The OLCC, however, did create a noteworthy new rule relating to promotional events: it is a Category I violation to participate in an unapproved promotional event that requires approval by the OLCC (OAR 845-025-1335(15)). Events require approval from the OLCC when marijuana is delivered to and exhibited at a premises not licensed by the OLCC, and includes trade shows, the Oregon State Fair or other similar events (ORS 475B.539(1)).
Camera Coverage and Video Recording Requirements
Many of the OLCC’s more heavy-handed disciplinary proceedings involve licensees who violate the agency’s rules regarding camera coverage and video recordings at licensed premises. Two amendments to these rules should help cannabis business owners.
First, non-compliance with the OLCC’s camera coverage and placement rules will be only a Category II violation, unless the non-compliance is intentional, in which case it will remain a Category I violation (OAR 845-025-1440(3)).
Second, it is now only Category I violation when a licensee fails to keep surveillance recordings for 90 days AND when the OLCC can establish that there are reasonable grounds to believe the licensee engaged in diversion or inversion of marijuana during the lapse in surveillance recordings (OAR 845-0235-1450(6)(c)).
History of Lack of Institutional Control
This is an entirely new rule that gives the OLCC the power to sanction a licensee with a Category I violation when there are reasonable grounds to believe that there is a history of lack of intuitional control of a licensed premises or business (OAR 845-025-8550). Under the new rule, a history of lack of institutional control:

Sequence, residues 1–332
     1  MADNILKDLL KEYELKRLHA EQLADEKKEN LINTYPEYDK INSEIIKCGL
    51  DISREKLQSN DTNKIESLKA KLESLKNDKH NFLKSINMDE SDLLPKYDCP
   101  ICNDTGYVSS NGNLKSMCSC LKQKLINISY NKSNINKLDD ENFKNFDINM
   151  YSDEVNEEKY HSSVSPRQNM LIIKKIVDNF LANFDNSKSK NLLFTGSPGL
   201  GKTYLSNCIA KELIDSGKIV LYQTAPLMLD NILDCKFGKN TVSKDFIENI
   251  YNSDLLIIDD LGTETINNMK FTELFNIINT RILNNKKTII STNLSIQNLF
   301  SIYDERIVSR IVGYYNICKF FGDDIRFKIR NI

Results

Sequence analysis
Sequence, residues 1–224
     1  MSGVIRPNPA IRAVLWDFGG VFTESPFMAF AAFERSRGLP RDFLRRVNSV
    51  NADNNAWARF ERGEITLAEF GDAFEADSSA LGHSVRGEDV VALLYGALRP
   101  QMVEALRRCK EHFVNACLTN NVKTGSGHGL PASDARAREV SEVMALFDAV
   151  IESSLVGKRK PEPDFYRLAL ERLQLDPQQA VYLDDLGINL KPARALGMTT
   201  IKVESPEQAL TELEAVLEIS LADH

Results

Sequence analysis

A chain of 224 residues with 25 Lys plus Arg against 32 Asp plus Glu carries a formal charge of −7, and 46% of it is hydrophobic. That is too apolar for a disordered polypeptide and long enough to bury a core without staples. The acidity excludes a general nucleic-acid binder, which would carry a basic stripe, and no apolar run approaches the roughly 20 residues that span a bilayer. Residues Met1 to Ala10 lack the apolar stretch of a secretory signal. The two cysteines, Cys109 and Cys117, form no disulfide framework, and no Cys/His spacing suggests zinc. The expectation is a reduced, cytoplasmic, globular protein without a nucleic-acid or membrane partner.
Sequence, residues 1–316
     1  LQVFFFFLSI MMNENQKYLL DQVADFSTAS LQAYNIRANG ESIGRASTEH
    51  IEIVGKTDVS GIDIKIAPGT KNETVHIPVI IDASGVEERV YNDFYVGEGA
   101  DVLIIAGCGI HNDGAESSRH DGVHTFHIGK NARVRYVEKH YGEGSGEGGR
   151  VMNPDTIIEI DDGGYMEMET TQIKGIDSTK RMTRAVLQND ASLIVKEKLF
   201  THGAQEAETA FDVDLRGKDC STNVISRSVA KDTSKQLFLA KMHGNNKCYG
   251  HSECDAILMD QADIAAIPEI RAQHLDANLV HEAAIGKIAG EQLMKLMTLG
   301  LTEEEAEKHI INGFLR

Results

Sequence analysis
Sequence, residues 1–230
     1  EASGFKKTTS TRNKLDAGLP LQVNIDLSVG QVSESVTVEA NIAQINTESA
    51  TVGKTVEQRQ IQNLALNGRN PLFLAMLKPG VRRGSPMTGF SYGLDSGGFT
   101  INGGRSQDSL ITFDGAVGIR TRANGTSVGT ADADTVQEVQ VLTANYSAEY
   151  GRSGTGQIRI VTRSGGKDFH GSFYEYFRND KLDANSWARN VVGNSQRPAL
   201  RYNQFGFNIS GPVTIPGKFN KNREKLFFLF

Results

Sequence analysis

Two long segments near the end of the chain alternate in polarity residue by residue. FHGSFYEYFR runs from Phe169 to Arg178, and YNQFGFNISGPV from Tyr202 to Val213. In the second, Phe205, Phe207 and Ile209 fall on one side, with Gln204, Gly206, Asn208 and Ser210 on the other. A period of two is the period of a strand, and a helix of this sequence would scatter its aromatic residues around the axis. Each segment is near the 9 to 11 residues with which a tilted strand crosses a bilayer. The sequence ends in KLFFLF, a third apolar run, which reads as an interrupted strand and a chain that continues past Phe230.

(a.) Means violations of Commission statutes or rules have been observed at the premises and the licensee failed to show adequate compliance measures, education of employees, agents, or licensee representatives on those compliance measures, and prompt action upon learning of deficiencies in compliance measures; and
(b.) Is based on the nature, number and circumstances of the incidents, and can include incidents at the licensed premises that were not themselves the subject of violation charges (OAR 845-025-8550(2)).
In making this determination, the OLCC will consider the seriousness of incidents and their danger to public health; with a focus on unlawful or dishonest conduct that indicates diversion of marijuana products (OAR 845-025-8550(4)). The OLCC will also consider as mitigating circumstances a showing that the problems are not serious or persistent, or a showing that the licensee demonstrates a willingness and ability to control the problems (OAR 845-025-8550(5)).
If the OLCC decides to issue a Notice of Warning in lieu of a formal violation under the new rule, the OLCC may require the licensee to submit a “written compliance plan” (OAR 845-025-8550(6)). This plan will set out actions the licensee plans to take to address the problems giving rise to the accusation of a history of lack of institutional control. The licensee would submit the plan to the OLCC, the agency would review and provide written feedback, and the licensee would then submit a final plan that must be approved by the OLCC. A licensee can change the plan, but may not request discontinuance of a plan sooner than one year from the approval date, and may not ask for a modification sooner than six months from the approval date.